On the dangers of “Art”

Art is a funny thing. Many people chase after it, unhappy with their works because it is not truly “art,” and they are not yet “artists.” But what is art? Quite frankly, I find a lot of art to be crap. And now its starting to get dangerous.

In the literary and dramatic world, I’m sure a lot of people–or at least a lot of literary critics–would label novels like Ethan Frome and plays such as “Waiting for Godot” to be art. But what are they? Godot is nothing–I mean, literally, nothing. Some snobbish twits talk about how its about existentialism and how nothing matters and how life is meaningless. What it is is a couple of guys sitting around doing nothing and waiting for nothing. There’s no big philosophical discovery there, which you could only extract if you’re a believer in extracting blood from a boulder. And Ethan Frome–well, I’m sorry to use indecorous, unparliamentary language here, but its the only way to explain it properly–is one of the most boring piece of shit novels ever written, and I go further to add it is certainly the most boring piece of shit novel I’ve ever read. There is absolutely nothing of value in it.*

This is why I hate literary fiction so much, because in the pursuit of “art” and literary excellence, they kill any story that could possibly be written.

But at least that meant that “art” was only boring. I’ll take boring over this new tripe that’s coming in any day.

First off, we have a museum that has dedicated an exhibit to graffiti. Now, I wouldn’t be, prima facie, opposed to such an exhibit. Graffiti exists, its out there, you can study it if you want to. The problem with this exhibit is that it completely ignores the vandalism, property violation, and coercion inherent in graffiti, and just treats it as harmless “art”:

But the core of Art in the Streets is a timeline of graffiti history that snakes around the discontinuous walls of the Geffen Contemporary. In a show devoid of explanatory wall essays, the timeline provides the best insight into how Deitch and his guest curators Roger Gastman and Aaron Rose conceive of graffiti and its social and civil context. In sum: vacuously. The timeline picks out such allegedly memorable moments in graffiti history as the emergence of bubble lettering on the New York subways (1972), the contributions of subway vandals Blade and the Crazy Five in 1974, who did “more damage than any other crew in the 1970s” (way to go!), the first defacement of freeway signs in Los Angeles (1988), and the start of the sticker phenomenon (1989) that allows greater speed and thus wider geographical coverage. All of these developments are presented with utter seriousness and, more importantly, without the slightest hint that they are crimes, that they appropriate and damage property without permission, and that they destroy urban vitality.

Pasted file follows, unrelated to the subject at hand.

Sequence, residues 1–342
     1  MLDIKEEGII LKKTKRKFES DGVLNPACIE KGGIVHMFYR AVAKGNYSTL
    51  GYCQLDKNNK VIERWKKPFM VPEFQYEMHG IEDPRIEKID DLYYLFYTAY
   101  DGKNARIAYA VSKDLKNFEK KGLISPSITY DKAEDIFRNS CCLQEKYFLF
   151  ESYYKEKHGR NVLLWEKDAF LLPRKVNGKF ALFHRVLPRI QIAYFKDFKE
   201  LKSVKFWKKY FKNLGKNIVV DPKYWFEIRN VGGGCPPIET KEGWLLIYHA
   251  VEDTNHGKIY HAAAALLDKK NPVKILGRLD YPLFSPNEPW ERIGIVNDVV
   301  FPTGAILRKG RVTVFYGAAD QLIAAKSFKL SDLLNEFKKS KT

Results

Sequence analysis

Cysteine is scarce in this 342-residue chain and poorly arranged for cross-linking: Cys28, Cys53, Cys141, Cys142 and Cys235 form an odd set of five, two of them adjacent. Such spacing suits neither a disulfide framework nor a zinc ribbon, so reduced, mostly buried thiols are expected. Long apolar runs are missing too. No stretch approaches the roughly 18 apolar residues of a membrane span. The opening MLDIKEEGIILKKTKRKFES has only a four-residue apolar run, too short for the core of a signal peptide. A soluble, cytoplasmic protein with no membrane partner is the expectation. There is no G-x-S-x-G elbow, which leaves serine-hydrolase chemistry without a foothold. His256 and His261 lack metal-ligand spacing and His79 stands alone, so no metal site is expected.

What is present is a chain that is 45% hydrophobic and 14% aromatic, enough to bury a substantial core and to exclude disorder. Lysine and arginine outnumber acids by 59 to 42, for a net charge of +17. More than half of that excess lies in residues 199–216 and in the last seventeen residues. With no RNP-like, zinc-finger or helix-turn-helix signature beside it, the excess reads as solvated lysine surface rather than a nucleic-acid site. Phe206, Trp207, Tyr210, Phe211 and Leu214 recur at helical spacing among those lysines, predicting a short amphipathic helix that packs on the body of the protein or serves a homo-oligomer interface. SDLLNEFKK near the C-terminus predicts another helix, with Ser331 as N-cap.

Over the last three decades an uncontested body of knowledge has evolved regarding the poisonous effect of graffiti on neighborhood cohesion and safety. You cannot responsibly present a show on graffiti without engaging with this body of knowledge, if only to reject it. Even Banksy mentioned the Broken Windows theory of public disorder in his book Wall and Piece (he predictably mocked the theory). And his publisher, Random House, at least wanly tried to distance itself from crime, with the ineffectual disclaimer: “This book contains the creative/artistic element of graffiti art and is not meant to encourage or induce graffiti where it is illegal or inappropriate.”

But Art in the Streets has no response to the argument that graffiti is a scourge on cities, because it simply chooses to ignore any idea that contravenes its simplistic celebration of property defacement. I found only three highly oblique acknowledgments in the show of graffiti’s illegal and destructive nature. The timeline notes that in 1972 the Philadelphia transit system began the country’s first anti-graffiti initiative. The timeline also ruefully acknowledges that in 1989, the New York transit system declared victory over graffiti (though, in an effort to keep hope alive, the timeline adds that the system failed to “stop writers such as Ghost”). That these transportation agencies would even try to eradicate graffiti comes as a complete surprise, since nothing in the show has hinted that graffiti is anything other than a productive pastime and delightful urban amenity.